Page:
2010 World Cup profile: France

By Noah Davis, SI.com

Group A
Thierry Henry
Thierry Henry has not been in good form for Barcelona, but he remains capable of being a game-changer.
Stu Forster/Getty Images
June 11 Uruguay Cape Town
June 17 Mexico Polokwane
June 22 South Africa Bloemfontein
Fast Facts
COACH: Raymond Domenech (sixth year)
HOW THEY QUALIFIED: Won UEFA playoff round
PREVIOUS WORLD CUPS: 12 appearances (1930, 1934, 1938, 1954, 1958, 1966, 1978, 1982, 1986, 1998, 2002, 2006); champions in 1998
Projected Starting Lineup
G Hugo Lloris Lyon (France)
D Patrice Evra Manchester United (England)
D Eric Abidal Barcelona (Spain)
D William Gallas Aresenal (England)
D Bacary Sagna Arsenal (England)
M Jeremy Toulalan Lyon (France)
M Yoann Gourcuff Bordeaux (France)
M Lassana Diarra Real Madrid (Spain)
F Thierry Henry Barcelona (Spain)
F Nicolas Anelka Chelsea (England)
F Franck Ribery Bayern Munich (Germany)

Through April, SI.com will profile two World Cup teams a week. We continue with France. Click here for the full archive.

Key players

Despite being turned into a villain (unfairly?) by the rest of the world for his handball that led to France's clinching a World Cup berth, Thierry Henry remains respected and loved by the French fans and his teammates. He's Captain France through and through, and although the 32-year-old's form at Barcelona has slipped, the former FIFA World Player of the Year finalist can still change a game or even a tournament with his brilliant knack for finishing. Henry led the team with four goals during the qualifying campaign and also chipped in two assists. He'll need to be even more productive in South Africa.

Franck Ribery is one of the world's best players and pranksters. (He'd certainly be No. 1 if you combined those traits. Ribery once crashed Bayern Munich's team bus after "hijacking" the vehicle as a joke.) His pace, creativity and deadly accuracy pose so many problems for defenses that he creates room for youngster Yoann Gourcuff to roam on the opposite flank. The Bordeaux attacker routinely exhibits moments of brilliance, especially when given time. When he and Ribery are on their game, lightning strikes all over the pitch. That said, the French offense can sputter, the most obvious example being a 1-0 win over the Faroe Islands during qualifying.

Defensive central midfielder Lassana Diarra holds the key to shutting down opponents. He transferred from Arsenal to Portsmouth in January 2008 in order to find playing time in hopes of making his country's European Championship team. The ploy worked; the 25-year-old who now plays for Real Madrid didn't feature in any of the squad's three matches, but he took over when Claude Makélélé retired. Coach Raymond Domenech insists on playing Eric Abidal out of position in the middle of the back four, and while William Gallas, 32, remains solid despite his advancing years, Diarra will need to track back and clean up the mess.

What to watch for

This team, of course, should be better. On paper, it's one the best sides in the world with an attacking force that rivals any other country's. In reality, not so much. Despite being heavy favorites to win Europe's Group 7, France finished behind Serbia and needed a playoff to advance to South Africa. It defeated Ireland under controversial circumstances and will be booed every step of the way. Ironically, Domenech, who knows a thing or two about hearing catcalls (some French fans were pushing for his ouster during and after a 2-0 home loss to Spain in early March), may be the only man who can keep Les Bleus focused. The French Football Federation picked Pezula Resort Hotel and Spa in remote Knysna as the squad's base, and the 1998 World Cup winners will avoid distraction as much as possible.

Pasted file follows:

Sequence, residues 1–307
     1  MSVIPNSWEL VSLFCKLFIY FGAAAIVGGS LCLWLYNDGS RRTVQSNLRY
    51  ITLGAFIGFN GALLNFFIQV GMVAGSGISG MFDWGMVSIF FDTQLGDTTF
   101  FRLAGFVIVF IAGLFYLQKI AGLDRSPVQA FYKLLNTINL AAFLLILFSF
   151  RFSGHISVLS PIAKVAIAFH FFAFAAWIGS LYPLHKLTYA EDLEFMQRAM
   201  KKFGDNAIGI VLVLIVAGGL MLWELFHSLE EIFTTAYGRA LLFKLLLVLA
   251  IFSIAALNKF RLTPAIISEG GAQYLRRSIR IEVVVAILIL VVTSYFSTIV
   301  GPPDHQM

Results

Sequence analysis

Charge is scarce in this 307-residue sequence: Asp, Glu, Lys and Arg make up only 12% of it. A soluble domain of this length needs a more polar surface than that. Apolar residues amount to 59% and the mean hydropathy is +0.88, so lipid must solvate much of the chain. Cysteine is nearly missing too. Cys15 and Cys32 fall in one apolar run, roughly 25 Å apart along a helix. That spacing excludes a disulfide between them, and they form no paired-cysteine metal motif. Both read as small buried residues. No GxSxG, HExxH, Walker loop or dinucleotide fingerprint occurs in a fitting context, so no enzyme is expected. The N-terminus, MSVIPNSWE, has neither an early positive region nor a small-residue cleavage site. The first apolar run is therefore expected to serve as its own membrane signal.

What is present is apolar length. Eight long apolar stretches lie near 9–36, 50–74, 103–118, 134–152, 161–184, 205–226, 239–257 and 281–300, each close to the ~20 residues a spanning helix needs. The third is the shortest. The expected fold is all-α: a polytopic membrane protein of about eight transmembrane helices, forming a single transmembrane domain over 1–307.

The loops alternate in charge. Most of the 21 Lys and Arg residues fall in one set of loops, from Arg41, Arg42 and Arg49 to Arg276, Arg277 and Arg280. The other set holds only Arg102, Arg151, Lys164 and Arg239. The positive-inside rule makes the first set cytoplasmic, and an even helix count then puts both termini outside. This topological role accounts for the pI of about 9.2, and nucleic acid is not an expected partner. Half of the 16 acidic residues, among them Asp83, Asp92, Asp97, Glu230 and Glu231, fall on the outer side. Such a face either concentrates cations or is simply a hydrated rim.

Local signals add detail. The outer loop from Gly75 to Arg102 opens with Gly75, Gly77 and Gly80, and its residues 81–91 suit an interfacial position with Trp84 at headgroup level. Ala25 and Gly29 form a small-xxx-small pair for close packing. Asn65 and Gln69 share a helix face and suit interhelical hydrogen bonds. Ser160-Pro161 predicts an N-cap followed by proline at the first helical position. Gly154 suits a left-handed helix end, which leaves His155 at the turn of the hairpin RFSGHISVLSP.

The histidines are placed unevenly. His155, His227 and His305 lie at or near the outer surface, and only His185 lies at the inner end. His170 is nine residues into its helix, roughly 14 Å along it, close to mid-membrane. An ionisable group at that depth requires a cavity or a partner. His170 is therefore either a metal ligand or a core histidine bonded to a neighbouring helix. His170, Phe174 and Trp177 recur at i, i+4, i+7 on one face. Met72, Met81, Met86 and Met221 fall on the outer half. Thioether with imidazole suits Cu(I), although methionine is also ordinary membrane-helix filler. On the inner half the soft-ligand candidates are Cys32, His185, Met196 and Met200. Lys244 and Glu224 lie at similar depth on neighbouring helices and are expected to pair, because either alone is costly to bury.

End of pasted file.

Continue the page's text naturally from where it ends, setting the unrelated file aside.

The group is not an easy one, though France caught a break by getting drawn into South Africa's foursome. The European side didn't earn a seed, meaning it could have faced Brazil, Spain or the Netherlands, but instead finds itself paired with the host nation as well as Mexico and Uruguay. Les Blues, the runner-up to Italy in 2006 (the Zinedine Zidane headbutt for those who need their memory jogged), should advance out of Group A. That said, nothing is ever certain, especially with the French. While Zidane sat with an injury, they famously bombed out of the 2002 World Cup just months after winning the 2001 Confederations Cup.

This team features a better mix of talent, but no one -- maybe not even his players -- trusts Domenech. Pure class and the unifying force provided by an angry world that wants to see them fail should keep the French together, but if things go south, they could fall apart very quickly.

Key match in group stage

June 17 vs. Mexico. Simply put, the winner takes Group A.

Celebrity scouting report: Ronny Turiaf*

Ronny Turiaf They are struggling a little bit but I think they are going to find a mix of the older generation and the younger generation and catch fire at the right time. ... Right now they have different styles of play between the two generations. And injuries have a lot to do with it because it is forcing guys to play out of position -- just like basketball. But I am not worried about it. ... Henry is one of my best friends in the world. I met him through [San Antonio Spurs guard and Frenchman] Tony Parker. We both went to the World Cup final in '06 and we saw France lose to Italy, so hopefully when we go to the final this time we are going to see them win. I am 100 percent going to South Africa. ... This team knows what it takes to win. It has the experience that comes with being in those big games. So that gives me confidence that they can pull it all together."
*The Golden State Warriors center is from the French Caribbean island of Martinique. As told to Frank Hughes.

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